BYOD now expected in the workplace: Making sure the pros outweigh the cons

May 29, 2015

2015-05-29 Tablet User.jpgNew research now shows that not only are millennials looking for employers that allow them to leverage their own personal devices for work, they expect it.

Help Net Security found that those born between the 1980s and the early 2000s are more often working outside of regular business hours. As these individuals look to maintain their independence with their working habits, they are expecting that their employer will support their flexibility and freedom.

Research shows that currently, 73 percent of millennialsdon’t expect their company to provide them with a smart device to be used for work. At the same time, however, 60 percent noted that their supervisors are increasingly needing employees to be available outside of established working hours, and 70 percent spend time on job tasks for as many as 20 hours outside of the office each week.

The study also showed the impact that an employer can have on an employee’s job satisfaction. Researchers found that half of millennials saw an improvement in their work/life balance when their supervisors allow for flexible work hours and the ability to work from any convenient location. Furthermore, 78 percent of respondents noted that their workplace environment is directly connected with their decision to stick with a position.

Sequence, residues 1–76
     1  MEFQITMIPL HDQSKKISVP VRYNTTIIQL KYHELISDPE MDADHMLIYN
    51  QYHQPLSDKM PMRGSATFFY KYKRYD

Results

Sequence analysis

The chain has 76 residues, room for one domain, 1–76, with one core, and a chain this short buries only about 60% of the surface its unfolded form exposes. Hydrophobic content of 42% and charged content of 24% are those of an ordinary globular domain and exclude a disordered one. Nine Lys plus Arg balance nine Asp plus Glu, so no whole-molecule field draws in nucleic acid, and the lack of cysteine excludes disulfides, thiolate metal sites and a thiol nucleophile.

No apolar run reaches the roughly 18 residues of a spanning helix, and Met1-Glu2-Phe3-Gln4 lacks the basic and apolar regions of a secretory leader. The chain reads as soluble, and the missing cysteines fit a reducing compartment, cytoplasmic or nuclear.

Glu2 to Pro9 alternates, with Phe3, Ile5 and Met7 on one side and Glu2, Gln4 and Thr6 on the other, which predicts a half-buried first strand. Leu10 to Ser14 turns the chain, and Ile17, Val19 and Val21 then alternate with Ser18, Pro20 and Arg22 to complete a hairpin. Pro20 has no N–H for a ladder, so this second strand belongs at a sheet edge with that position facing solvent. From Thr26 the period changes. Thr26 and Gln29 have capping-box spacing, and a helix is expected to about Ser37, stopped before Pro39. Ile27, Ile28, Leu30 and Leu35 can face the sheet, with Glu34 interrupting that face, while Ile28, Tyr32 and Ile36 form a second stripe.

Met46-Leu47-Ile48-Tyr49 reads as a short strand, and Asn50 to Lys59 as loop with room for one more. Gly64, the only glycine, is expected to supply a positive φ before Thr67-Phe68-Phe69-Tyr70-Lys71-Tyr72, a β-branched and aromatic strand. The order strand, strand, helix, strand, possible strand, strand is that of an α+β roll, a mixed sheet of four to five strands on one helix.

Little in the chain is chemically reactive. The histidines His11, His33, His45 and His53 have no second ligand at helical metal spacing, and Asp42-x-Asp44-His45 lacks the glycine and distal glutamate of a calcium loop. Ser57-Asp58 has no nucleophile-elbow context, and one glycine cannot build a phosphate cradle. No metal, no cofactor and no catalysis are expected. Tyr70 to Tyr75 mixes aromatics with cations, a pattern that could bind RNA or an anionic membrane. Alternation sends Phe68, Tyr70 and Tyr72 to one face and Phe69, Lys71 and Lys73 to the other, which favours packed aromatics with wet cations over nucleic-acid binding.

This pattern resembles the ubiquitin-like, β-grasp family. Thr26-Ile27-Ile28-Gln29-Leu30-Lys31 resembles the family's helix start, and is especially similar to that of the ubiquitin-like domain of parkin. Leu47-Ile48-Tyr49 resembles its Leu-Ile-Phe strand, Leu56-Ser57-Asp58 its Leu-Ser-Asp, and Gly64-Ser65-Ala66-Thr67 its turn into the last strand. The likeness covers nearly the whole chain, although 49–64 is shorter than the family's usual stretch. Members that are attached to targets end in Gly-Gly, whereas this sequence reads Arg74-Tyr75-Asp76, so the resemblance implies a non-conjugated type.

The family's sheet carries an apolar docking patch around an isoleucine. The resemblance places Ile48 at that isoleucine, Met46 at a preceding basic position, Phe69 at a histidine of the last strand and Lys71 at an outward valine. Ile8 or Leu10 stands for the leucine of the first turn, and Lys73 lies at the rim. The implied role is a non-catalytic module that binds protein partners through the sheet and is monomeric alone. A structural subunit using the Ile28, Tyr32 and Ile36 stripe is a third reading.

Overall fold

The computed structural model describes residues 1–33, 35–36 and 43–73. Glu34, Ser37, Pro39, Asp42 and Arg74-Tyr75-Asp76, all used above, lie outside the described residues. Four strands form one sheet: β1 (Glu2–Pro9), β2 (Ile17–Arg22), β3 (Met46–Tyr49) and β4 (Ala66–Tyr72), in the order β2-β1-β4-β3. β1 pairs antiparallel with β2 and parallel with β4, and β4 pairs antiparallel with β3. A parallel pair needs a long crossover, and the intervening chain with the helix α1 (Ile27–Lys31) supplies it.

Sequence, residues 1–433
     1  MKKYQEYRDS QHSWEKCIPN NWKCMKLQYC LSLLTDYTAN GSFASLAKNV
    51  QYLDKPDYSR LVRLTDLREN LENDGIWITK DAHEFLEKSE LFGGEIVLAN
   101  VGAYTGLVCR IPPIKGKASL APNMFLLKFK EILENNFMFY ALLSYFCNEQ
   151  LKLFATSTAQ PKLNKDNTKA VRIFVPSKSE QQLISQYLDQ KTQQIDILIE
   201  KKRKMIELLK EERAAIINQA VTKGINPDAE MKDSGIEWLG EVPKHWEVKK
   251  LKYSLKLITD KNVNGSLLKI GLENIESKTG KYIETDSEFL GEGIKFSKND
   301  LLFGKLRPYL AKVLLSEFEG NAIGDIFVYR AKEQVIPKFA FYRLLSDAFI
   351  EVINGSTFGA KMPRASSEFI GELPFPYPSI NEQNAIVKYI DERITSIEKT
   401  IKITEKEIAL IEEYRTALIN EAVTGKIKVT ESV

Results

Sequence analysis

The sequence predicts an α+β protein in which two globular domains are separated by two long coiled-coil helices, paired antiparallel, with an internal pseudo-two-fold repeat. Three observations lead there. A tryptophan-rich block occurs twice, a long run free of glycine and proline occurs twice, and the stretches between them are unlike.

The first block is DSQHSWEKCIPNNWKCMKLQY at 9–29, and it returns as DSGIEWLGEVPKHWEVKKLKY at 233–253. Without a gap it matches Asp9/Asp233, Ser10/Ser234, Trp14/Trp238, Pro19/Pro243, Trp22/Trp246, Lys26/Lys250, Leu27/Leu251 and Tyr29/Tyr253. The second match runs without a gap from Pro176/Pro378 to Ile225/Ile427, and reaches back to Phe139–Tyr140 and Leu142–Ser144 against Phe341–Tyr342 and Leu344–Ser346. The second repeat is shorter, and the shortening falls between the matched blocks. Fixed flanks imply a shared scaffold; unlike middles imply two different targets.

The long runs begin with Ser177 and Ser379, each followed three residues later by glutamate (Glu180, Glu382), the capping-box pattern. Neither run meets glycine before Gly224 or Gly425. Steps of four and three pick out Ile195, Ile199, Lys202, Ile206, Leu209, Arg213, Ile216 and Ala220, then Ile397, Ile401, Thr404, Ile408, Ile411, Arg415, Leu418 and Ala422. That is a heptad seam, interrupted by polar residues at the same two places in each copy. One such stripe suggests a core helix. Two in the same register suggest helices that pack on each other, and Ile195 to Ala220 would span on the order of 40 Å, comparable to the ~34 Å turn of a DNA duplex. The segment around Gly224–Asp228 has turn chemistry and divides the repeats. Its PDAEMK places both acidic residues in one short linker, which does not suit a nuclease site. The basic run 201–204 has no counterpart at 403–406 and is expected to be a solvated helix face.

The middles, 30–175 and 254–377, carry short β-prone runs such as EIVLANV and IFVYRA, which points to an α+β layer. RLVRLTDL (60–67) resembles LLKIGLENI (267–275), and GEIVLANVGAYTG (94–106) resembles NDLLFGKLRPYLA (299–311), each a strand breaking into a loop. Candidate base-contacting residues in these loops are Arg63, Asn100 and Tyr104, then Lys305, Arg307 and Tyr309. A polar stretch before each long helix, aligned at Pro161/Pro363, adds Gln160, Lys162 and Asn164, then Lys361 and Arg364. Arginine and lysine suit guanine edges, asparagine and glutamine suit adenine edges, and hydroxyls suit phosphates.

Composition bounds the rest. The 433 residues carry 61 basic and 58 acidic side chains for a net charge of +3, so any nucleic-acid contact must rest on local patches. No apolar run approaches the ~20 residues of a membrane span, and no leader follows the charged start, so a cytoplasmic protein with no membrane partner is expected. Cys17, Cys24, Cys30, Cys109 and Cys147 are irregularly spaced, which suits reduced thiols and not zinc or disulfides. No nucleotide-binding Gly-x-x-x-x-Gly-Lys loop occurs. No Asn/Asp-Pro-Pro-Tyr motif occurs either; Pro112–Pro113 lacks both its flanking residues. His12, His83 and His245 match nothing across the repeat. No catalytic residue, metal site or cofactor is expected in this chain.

Overall, these findings point to one, underlying factor: BYOD is now an expected aspect of a job, as it provides the freedom and flexibility millennials look for in employment.

“It’s no surprise that millennials are highly dependent on mobile technology to support flexible and productive work habits,” said David Berman, RingCentral president. “The vast majority seem to expect to use their own devices for work, rather than the company providing it for them. That creates a bit of a challenge for companies that have to find a way to deal with BYOD as part of their business phone system.”

The pros and cons of BYOD: Addressing BYOD security threats
There’s no doubt that an enterprise-wide BYOD policy has its share of benefits. TechTarget noted that not only does such a practice help staff members be more productive and satisfied with their jobs, it can save the organization a considerable amount of money. However, company leaders must be sure that all the security issues that can arise with a mobility initiative are addressed, and that their BYOD program has more pros than cons overall.

“Policies and procedures are the first line of defense against data leaks, but you have to get employees to adhere to them,” TechTarget stated. “To mitigate risks when employees do violate policies – inadvertently or otherwise – make sure to control data and network access with two-factor authentication and use the right tools to manage devices, applications and information.”

One such critical tool is a secure file sharing platform. Businesses must provide a protected platform over which staffers can send and receive documents, without exposin